The aim of the rehabilitation work was to rejuvenate a series of Grade 4 and Grade 5 sewer pipes to a minimum Grade 2 standard.
In order to achieve the aims of the project, whilst minimising the disruption and environmental effects of the rehabilitation operations, ITL, in conjunction with the client and its main contractor, decided to utilise the latest air inversion/steam cure lining technique which recently became part of the ITL solutions portfolio. ITL believed that the steam cure option would provide faster installation times and therefore less disruption to everyday life in the heavily populated residential areas in which the work was to take place, whilst offering a technique that minimised styrene odour issues, which can be associated with other inversion renovation techniques. Other options were considered but ultimately the environmental aspects, time factor and cost of installation proved the steam cure technique to be the most 'cost effect' from all view points.
In total some 192 individual lining operations were undertaken over a timescale that started in March 2007. In all the actual lining works were completed in just 12 weeks.
The linings required were for pipes of diameters including 150 mm, 225 mm and 375 mm. None of the installations has yet exceeded 200 m in length and none of the pipes exhibited deformations of greater than 10%, with many showing less deformation.
Prior to the liner installations all pipes were cleaned and CCTV surveyed to ensure their suitability for the lining technique and topographical surveys were made of each installation site.
Typically a lining operation would comprise the utilisation of a Snail Inversion, a compressed air driven unit to invert an average liner length of around 100 m into the host pipe, although it is possible to install liners up to 200 m in length in 150 mm diameter pipes using this technique. The liner product used throughout was ITL's own CIPP liner tube. The time scale from the start of the inversion to the completion of the steam cure was typically 5 to 6 hours. The unit used to cure the liner was a standard Steam Generator producing up to 1,200 kgm/hour of steam.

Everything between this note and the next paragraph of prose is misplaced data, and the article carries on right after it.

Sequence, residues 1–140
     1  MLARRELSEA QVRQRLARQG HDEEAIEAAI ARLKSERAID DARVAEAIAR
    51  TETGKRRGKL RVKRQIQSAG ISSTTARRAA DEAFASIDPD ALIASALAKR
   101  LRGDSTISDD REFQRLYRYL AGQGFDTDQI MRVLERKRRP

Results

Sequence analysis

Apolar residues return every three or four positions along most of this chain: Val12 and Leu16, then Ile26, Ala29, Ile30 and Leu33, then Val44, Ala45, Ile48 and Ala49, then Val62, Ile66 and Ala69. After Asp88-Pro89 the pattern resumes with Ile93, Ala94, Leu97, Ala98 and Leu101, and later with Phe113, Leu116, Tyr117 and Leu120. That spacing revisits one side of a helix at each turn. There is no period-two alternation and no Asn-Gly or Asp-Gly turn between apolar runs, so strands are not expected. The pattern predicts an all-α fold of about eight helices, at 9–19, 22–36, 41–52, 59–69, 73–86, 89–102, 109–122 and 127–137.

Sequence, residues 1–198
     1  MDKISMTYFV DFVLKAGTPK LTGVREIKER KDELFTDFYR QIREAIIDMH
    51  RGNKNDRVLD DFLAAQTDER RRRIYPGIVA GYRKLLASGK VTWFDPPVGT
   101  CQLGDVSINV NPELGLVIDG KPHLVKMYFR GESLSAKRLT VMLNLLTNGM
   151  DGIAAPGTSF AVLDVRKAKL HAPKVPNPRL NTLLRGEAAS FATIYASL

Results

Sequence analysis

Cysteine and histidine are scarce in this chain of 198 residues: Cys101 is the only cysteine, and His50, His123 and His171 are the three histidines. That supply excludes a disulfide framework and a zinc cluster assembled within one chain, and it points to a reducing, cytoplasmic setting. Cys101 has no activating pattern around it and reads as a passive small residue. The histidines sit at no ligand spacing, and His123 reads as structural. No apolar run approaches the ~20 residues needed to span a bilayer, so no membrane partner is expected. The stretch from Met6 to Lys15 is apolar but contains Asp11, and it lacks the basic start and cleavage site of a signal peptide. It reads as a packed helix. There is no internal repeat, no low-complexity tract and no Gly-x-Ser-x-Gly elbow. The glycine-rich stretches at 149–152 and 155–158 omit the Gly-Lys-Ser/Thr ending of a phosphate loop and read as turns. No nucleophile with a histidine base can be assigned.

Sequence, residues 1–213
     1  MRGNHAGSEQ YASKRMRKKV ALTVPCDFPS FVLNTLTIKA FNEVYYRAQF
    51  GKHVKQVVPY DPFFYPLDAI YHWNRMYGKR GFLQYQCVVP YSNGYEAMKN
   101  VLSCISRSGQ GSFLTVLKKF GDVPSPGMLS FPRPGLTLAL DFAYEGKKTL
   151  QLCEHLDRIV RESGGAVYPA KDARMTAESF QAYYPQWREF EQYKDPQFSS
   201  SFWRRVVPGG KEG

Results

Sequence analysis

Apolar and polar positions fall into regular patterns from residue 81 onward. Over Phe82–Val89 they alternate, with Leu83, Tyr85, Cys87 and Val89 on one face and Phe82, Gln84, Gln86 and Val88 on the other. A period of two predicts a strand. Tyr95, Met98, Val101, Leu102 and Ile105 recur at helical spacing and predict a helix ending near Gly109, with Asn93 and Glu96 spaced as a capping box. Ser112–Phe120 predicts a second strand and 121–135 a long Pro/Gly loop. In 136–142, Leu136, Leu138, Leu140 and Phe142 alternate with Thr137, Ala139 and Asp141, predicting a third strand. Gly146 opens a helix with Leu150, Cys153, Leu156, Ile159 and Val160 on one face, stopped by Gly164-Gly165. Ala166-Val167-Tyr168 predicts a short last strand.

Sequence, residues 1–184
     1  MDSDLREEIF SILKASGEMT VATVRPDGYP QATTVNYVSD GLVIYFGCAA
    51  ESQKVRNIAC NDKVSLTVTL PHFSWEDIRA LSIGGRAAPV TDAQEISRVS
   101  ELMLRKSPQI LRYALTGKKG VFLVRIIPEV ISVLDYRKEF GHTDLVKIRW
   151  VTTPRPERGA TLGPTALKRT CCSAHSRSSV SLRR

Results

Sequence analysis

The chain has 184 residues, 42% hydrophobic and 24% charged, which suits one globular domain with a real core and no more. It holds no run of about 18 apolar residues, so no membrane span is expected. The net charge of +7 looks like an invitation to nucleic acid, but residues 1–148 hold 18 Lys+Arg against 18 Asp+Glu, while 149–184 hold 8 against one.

Despite the number of installations, the locations and the potential for disruption, no problems were encountered throughout any of the lining operations. Not only that, but at times during the work schedule, ITL achieved what it believes to be a record installation meterage in its time on site, mainly because the faster steam cure option enabled the workforce not only to save time per installation but also to limit the footprint of the site which, in turn, meant the need for only limited use of traffic control measures. So the team's time presence at any one site was kept to an absolute minimum.
As well as ensuring the sites themselves were operated to a minimum timescale, ITL also took part in a major public relations operation to ensure that all local residents and businesses understood what was to take place, as well as where and when, to ensure that necessary alternate routes for traffic flow were used to best effect. This part of the project involved leaflet distribution and the publication of road traffic notices.
Commenting on the work for Barhale, the @one Alliance's main contractor on site, Richard Beecroft, Barhale's contract manager, said: "The works went very smoothly. ITL's ability to complete two lines in a day resulted in rapid production and minimised disruption in an urban environment. The use of steam cure significantly reduces issues with styrene odour, which is often a cause of complaint from members of the public with traditional water cure operations."
John Beech, ITL's business development manager, said: "The air inversion/steam cure lining option is one of the latest additions to the broad family of pipeline renovation options ITL now offers. Whilst our traditional water inversion/hot water cure system still offers an ideal solution in many circumstances, interaction with the public and local businesses has become a major issue in recent years. We have therefore expanded our portfolio of renovation solutions to include a variety options which allow us to minimise the way we affect the operational location so as not to impinge significantly on the local environment or its population. Whilst others have opted for systems such as UV cure linings we believe that our air inversion/steam cure option often offers a more overall cost effective solution, not just financially but in time terms as well."